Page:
Compare that to how groups usually work in our classes. Students, who do nothing, often get rewarded by choosing an active group that covers up for the inactive “player”. Sucks, right? Well, it could be fixed if we also measured a student’s “loyalty” to the group, just like in WoW. Unless you contribute enough, you just can’t get the group perks (i.e. a good grade), so you’re encouraged to play nicely with others and complete group tasks.

But my class just can’t compete with WoW …

I know what you might be thinking - it’s easy to talk about having fun in immersive games like WoW, but making learning fun is just too difficult. Well, guess what? Making games fun isn’t an easy job either! Good game design is both science and art that is difficult to master, and it takes tons of trials and errors to get it just right. WoW has been around since 2004 and in every expansion you can see big, gradual improvements in game design.

So, what I’m suggesting is that we find better ways to apply the lessons learned by game designers to our online learning environments and instructional design. E-learning will probably never be as fun as playing WoW, but can’t we all just try a little harder to make learning a bit more engaging than flipping through sleep inducing “interactive” courseware, and to start telling our students meaningful stories? Perhaps we won’t be saving bear cubs in class, but there are many other missions we all care about and can teach us about what we need to know along the way.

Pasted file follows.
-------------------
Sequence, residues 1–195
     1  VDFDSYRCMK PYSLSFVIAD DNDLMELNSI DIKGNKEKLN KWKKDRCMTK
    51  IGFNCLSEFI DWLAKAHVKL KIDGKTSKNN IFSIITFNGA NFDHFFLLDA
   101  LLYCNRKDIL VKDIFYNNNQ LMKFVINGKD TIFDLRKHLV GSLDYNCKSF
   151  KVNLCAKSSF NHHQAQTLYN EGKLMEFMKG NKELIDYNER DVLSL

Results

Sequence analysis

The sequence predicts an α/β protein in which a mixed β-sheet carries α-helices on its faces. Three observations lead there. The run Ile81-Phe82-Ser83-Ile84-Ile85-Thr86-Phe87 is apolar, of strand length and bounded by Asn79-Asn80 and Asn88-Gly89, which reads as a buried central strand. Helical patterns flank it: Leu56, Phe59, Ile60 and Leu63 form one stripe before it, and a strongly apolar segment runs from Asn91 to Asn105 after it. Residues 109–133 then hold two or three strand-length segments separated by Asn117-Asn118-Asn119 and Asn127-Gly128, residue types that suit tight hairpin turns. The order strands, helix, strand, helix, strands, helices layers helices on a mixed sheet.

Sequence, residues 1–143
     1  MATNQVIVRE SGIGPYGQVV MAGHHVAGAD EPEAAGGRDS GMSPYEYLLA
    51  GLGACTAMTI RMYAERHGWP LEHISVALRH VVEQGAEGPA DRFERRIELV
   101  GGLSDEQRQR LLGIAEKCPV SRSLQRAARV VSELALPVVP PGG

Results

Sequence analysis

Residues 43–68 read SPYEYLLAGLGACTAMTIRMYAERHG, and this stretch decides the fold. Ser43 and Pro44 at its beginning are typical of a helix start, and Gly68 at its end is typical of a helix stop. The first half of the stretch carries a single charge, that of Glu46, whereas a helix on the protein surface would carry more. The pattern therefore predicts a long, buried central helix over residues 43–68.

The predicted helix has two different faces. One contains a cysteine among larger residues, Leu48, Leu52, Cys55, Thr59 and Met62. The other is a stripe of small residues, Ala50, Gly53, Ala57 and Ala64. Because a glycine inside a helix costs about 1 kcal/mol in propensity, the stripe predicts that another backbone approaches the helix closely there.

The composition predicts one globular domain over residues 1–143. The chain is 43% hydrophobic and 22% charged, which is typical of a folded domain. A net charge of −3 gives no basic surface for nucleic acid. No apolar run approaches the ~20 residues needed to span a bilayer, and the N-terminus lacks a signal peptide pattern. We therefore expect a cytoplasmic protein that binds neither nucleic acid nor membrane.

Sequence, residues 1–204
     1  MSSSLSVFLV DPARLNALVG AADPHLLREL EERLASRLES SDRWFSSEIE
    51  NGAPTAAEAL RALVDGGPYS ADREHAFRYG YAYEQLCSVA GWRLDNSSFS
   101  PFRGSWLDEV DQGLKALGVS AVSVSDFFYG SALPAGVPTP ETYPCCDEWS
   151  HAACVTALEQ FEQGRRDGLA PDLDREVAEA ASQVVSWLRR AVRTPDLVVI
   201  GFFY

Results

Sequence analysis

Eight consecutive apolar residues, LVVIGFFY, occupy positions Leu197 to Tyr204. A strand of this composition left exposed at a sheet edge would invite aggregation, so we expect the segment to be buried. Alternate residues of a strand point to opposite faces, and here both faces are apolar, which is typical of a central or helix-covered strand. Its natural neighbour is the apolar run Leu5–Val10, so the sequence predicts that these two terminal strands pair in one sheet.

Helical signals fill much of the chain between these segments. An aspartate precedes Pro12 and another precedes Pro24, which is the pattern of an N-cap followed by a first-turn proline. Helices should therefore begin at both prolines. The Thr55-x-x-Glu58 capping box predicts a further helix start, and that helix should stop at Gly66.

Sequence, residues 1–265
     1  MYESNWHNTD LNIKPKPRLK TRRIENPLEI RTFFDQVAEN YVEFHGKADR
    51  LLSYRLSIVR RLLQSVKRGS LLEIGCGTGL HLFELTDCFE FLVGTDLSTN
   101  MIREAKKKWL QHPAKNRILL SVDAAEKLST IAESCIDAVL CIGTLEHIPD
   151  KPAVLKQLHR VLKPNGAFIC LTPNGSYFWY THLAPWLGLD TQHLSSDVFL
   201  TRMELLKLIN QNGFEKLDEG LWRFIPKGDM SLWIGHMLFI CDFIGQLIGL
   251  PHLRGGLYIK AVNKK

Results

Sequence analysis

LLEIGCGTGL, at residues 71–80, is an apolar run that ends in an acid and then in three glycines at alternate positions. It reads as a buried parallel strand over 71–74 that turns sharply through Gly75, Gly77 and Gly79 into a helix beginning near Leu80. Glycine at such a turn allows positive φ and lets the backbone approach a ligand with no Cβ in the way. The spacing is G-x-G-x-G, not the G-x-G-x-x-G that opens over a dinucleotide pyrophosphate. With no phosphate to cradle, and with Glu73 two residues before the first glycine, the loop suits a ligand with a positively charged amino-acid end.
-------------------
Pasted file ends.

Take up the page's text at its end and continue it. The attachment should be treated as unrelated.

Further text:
And it doesn’t need to be in 3D or full immersive environments. With a little imagination and clever game design I suspect we could turn our boring text-centered Learning Management Systems into Learning Experience Enabling Technology - LEET systems. We all know many teachers are great storytellers; we just need to find a way to enable them to tell better stories online as well.

Related posts:

Originally published at http://ialja.blogspot.com/2010/12/saving-bear-cubs-in-cataclysm-or-story.html

Sharable Bits: The Mystery of Life, Firefox Cuteness, Winter Running

Discovery: Life built with toxic chemicals

Mono Lake Research area (source: NASA)